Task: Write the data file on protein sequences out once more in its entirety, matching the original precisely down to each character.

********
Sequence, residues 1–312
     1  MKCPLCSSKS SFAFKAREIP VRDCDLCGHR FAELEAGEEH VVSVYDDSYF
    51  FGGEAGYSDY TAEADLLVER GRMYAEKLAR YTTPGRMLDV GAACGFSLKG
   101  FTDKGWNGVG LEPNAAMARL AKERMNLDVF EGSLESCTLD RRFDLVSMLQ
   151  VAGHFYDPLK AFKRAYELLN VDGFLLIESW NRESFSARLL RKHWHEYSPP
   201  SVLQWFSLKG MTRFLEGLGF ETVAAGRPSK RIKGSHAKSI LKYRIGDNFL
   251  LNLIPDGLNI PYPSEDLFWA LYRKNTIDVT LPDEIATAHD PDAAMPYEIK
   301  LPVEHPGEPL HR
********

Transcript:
Sequence, residues 1–312
     1  MKCPLCSSKS SFAFKAREIP VRDCDLCGHR FAELEAGEEH VVSVYDDSYF
    51  FGGEAGYSDY TAEADLLVER GRMYAEKLAR YTTPGRMLDV GAACGFSLKG
   101  FTDKGWNGVG LEPNAAMARL AKERMNLDVF EGSLESCTLD RRFDLVSMLQ
   151  VAGHFYDPLK AFKRAYELLN VDGFLLIESW NRESFSARLL RKHWHEYSPP
   201  SVLQWFSLKG MTRFLEGLGF ETVAAGRPSK RIKGSHAKSI LKYRIGDNFL
   251  LNLIPDGLNI PYPSEDLFWA LYRKNTIDVT LPDEIATAHD PDAAMPYEIK
   301  LPVEHPGEPL HR